The Inspector General of the National Security Agency has sent a letter to Sen. Charles Grassley about cases where NSA personnel have used their ability to listen in on phone calls and other communications to spy on girlfriends, boyfriends, husbands and wives. It’s happened 12 times since 2003. Some examples:
In one case revealed by Ellard, an NSA employee for five years snooped on the phone calls of nine female foreign nationals “without a valid foreign intelligence purposes.” In another, 2011 instance, an NSA employee admitted it was “her practice” to eavesdrop on foreign phone numbers “she obtained in social settings” in order to ensure she was not talking to “shady characters.” Both employees resigned before any disciplinary action could be taken…
Among other examples cited in Ellard’s letter:
In 2011, an NSA employee acknowledged that “out of curiosity” he had tried to listen in on the phone calls of his girlfriend, a foreign national. The agency’s system blocked him from doing so, but the employee did retrieve “metadata”– records of time, date and duration of the girlfriend’s phone calls. The subject’s actions were referred to the Justice Department, which declined prosecution.In 2005, the NSA discovered that another NSA employee eavesdropped for a month “without an authorized purpose” on the phone calls of his foreign national girlfriend. The employee was trying to determine if she was “involved” with any foreign officials or engaged in other activities that “might get him in trouble.” The employee retired before the investigation into his activities was finished.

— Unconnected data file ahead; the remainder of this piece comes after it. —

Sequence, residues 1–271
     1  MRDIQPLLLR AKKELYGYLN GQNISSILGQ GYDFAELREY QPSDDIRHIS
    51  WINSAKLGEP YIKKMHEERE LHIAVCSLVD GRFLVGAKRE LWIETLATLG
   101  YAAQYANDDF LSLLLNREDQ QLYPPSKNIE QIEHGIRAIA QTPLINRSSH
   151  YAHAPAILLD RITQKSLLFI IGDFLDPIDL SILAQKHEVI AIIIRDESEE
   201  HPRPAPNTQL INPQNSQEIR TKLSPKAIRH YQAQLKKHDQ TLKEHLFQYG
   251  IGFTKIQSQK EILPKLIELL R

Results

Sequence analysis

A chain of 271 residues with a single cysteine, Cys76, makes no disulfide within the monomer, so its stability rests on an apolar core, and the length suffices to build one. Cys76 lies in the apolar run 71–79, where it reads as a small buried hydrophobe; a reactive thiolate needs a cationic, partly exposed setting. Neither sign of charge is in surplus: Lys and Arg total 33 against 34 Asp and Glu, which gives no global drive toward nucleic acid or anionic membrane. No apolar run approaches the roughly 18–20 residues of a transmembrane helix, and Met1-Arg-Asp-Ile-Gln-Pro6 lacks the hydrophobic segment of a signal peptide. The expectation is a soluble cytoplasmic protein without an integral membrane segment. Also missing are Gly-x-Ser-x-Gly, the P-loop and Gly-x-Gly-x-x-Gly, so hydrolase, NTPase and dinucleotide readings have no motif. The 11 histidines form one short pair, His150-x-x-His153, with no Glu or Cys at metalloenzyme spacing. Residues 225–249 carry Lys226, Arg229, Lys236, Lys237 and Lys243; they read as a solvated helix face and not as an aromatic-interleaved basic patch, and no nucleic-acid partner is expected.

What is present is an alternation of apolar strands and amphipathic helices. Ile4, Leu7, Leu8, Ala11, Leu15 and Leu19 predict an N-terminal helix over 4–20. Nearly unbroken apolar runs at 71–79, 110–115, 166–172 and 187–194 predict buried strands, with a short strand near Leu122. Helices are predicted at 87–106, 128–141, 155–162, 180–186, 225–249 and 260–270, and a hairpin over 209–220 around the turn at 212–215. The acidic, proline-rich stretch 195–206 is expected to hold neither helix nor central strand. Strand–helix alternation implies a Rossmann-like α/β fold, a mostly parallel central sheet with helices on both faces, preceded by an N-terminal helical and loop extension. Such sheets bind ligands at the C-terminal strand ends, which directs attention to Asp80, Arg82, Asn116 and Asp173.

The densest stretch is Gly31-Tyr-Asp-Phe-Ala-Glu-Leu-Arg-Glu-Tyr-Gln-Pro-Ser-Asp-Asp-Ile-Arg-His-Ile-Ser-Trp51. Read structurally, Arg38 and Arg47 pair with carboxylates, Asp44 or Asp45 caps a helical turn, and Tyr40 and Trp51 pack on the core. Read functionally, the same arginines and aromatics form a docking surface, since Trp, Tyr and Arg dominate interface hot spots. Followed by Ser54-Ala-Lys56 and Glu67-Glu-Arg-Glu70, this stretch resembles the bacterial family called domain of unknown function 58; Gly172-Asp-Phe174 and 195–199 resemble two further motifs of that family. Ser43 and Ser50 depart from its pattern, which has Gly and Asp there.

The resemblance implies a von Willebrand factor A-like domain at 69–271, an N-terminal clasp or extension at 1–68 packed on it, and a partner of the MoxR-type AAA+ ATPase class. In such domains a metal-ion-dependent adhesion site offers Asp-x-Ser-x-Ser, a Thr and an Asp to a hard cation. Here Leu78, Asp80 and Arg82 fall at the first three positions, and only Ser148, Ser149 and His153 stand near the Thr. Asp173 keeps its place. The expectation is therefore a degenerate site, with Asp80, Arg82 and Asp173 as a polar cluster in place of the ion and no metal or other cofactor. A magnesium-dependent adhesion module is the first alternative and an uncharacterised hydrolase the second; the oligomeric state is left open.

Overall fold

In 2004, a NSA employee retrieved data on a foreign telephone number she had discovered on her husband’s cell phone. The case was referred to the Justice Department for prosecution, but the employee resigned before any NSA discipline could be imposed. The letter does not address whether there was a prosecution effort.
So no disciplinary action in any of these cases, apparently. Every single one of them should have been prosecuted. Both the Patriot Act and FISA have specific criminal penalties for illegal surveillance. 12 cases in 10 years may not sound like much, but the danger here is that these relatively low-level analysts have access to this kind of data on everyone. How tempting it must be to use it not only against love interests but against political enemies. And no, that isn’t paranoid or unlikely; our government has already done it multiple times in the past.